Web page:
The Foundation for Constitutional Democracy


The Betrayal of Israel

Filed under: Foreign PolicyDisengagement — eidelberg @ 5:50 am Edit This

Edited transcript of the Eidelberg Report, Israel National Radio, July 10,2006.

In this report I am going to read and comment on excerpts from Haaretz journalist Ari Shavit’s interviews with three men on the issue of “Disengagement” and “Convergence”: former Shin Bet Director Avi Dichter—now Minister of Security; former Chief of General Staff Moshe Lt.-Gen. Moshe Ya’alon; and Meretz chairman Yossi Beilin. I begin with Dichter. (Some excerpts will be paraphrased.)

Minister of Security Avi Dichter: “As head of the Shin Bet I was asked what would happen after the Disengagement and in its wake? I said there would be a dramatic decrease in the number of terrorist attacks and that most of the operations against us would be Qassam attacks and fence attacks. That is exactly what happened. I was favorably surprised that from last September until the past two weeks, not one Israeli was killed by terrorism originating from the Gaza Strip. Ten months without any Israeli being killed—is an extraordinary achievement.”

Contrast Dichter’s testimony before the Knesset’s Foreign Affairs and Defense Committee on January 5, 2005, where he gave an entirely different assessment. “In a situation where Israel is not in control of the Philadelphi corridor [which separates Gaza from the Sinai],” Dichter warned, “terrorists arriving from Lebanon are liable to infiltrate through it into the Gaza Strip and there is the distinct possibility that in a short while the Gaza Strip will turn into south Lebanon.” He also cautioned that the current “trickle” of arms smuggling through the corridor is liable to turn into a “river”. According to Dichter, the number of Qassam rockets fired from Gaza nearly doubled following the cabinet approval of Disengagement.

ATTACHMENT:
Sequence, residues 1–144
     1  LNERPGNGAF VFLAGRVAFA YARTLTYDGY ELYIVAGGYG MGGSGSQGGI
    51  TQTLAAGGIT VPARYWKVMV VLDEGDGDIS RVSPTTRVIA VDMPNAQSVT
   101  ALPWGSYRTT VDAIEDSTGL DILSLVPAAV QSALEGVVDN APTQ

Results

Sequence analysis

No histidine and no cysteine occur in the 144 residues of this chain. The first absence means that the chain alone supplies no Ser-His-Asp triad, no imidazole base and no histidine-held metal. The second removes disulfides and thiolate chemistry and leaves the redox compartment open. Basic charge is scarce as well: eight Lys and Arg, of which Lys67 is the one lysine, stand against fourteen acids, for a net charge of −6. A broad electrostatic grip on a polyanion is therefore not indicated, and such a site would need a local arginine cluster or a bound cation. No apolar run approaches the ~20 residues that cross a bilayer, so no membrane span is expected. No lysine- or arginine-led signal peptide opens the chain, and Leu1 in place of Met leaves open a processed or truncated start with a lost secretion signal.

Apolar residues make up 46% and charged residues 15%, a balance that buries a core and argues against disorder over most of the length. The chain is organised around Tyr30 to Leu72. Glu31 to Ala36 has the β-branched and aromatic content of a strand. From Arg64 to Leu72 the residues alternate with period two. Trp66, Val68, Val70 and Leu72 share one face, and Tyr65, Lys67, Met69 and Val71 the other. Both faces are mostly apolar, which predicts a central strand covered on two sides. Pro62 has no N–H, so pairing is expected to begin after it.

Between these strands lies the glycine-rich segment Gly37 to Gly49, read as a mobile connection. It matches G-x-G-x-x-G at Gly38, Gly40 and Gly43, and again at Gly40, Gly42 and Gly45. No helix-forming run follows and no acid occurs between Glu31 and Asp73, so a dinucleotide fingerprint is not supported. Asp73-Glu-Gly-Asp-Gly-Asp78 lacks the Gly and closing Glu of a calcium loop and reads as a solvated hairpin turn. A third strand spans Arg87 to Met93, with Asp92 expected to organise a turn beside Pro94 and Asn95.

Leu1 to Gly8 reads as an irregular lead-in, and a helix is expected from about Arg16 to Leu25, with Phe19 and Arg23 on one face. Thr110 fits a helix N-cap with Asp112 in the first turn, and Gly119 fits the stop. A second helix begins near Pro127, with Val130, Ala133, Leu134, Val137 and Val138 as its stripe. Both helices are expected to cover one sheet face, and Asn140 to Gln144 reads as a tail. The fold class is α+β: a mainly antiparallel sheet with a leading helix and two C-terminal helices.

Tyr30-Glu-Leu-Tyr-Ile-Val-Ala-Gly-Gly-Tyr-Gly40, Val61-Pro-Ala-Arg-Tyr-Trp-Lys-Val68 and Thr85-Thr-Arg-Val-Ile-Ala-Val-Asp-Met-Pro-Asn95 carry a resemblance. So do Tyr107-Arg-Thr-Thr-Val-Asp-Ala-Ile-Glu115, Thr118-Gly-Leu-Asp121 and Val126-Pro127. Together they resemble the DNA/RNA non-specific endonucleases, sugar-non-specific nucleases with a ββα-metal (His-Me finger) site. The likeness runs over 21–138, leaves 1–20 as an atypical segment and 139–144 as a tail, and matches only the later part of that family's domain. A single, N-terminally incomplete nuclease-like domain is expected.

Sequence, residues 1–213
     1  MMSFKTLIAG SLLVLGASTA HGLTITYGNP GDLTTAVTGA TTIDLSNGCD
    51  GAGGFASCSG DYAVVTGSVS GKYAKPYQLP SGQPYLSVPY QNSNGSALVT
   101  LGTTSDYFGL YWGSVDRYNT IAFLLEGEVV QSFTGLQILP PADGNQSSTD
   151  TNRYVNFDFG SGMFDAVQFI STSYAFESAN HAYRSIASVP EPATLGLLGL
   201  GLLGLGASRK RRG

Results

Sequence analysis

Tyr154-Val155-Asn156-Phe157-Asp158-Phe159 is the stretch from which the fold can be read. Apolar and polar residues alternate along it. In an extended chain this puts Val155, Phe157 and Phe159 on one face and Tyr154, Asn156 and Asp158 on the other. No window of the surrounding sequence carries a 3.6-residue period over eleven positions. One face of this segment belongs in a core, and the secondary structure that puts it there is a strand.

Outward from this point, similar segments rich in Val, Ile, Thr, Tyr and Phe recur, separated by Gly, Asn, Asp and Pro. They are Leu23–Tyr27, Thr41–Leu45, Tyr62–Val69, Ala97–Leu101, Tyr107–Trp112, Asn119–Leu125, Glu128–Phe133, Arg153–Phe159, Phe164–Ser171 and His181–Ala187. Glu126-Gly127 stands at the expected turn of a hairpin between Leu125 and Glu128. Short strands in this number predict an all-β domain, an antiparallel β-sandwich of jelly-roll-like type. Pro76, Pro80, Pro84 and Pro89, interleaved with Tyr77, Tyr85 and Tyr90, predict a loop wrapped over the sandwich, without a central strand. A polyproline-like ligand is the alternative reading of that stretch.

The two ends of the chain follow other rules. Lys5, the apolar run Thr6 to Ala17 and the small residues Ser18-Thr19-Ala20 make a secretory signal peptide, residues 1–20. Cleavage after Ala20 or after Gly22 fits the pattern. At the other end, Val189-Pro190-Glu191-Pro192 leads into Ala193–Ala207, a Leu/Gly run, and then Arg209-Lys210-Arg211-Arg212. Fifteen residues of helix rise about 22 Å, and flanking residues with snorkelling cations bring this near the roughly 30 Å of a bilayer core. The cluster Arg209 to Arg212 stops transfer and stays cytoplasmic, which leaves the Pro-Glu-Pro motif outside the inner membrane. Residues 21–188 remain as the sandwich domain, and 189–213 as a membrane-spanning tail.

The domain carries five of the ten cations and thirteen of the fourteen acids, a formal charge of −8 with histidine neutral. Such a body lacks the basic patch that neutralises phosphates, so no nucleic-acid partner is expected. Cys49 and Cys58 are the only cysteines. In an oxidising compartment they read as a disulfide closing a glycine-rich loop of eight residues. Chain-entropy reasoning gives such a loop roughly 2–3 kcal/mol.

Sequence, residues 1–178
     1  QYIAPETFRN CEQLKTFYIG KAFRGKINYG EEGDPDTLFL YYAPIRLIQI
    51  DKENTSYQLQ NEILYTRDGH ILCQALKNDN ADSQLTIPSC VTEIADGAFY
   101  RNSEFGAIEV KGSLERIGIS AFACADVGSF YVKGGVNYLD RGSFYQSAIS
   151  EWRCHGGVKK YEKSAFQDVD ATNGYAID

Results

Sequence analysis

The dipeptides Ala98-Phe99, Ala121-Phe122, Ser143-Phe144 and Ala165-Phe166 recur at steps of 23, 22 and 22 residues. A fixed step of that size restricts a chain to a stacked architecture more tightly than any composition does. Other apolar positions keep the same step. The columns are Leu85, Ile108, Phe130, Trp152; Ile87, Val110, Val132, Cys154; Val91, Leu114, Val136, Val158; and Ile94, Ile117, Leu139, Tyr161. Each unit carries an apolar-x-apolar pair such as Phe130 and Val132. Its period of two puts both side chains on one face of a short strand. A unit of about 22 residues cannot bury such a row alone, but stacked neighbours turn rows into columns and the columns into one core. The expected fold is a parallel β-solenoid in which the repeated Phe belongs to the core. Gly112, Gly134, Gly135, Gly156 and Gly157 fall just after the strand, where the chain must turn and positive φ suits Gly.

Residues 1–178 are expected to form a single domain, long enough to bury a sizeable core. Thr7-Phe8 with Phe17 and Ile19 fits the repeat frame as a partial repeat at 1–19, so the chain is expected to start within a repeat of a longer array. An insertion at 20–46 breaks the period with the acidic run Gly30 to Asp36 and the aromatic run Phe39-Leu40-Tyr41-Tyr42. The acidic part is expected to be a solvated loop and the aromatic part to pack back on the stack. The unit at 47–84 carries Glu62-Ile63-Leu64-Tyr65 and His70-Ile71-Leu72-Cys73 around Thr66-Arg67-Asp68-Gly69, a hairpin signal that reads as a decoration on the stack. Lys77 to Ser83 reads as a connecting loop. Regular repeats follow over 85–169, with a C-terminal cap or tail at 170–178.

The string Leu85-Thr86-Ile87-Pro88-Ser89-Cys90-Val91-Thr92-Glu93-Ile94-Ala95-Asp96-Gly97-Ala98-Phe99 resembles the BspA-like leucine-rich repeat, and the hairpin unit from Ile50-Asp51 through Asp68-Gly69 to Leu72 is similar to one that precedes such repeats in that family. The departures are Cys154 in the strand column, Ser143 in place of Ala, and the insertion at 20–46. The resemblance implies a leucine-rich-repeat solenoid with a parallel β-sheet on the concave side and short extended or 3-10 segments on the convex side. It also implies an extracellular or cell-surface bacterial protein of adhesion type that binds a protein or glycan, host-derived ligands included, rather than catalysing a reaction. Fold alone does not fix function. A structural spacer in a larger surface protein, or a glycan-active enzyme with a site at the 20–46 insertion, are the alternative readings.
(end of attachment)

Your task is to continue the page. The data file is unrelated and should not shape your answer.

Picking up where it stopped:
Today he says: “The political echelon has to instruct the IDF to put a stop to the firing of the Qassams, even if it means turning Beit Hanoun into a ghost town.”

Dichter contends that the Disengagement achieved its goal by removing a carpet of Israeli targets from the Palestinian terrorists. “It limited their ability to attack us, reducing it almost solely to the Qassams.” The logic of this position is that if any other area of Israel is attacked by terrorists, we should expel its Jewish residents and withdraw!!!!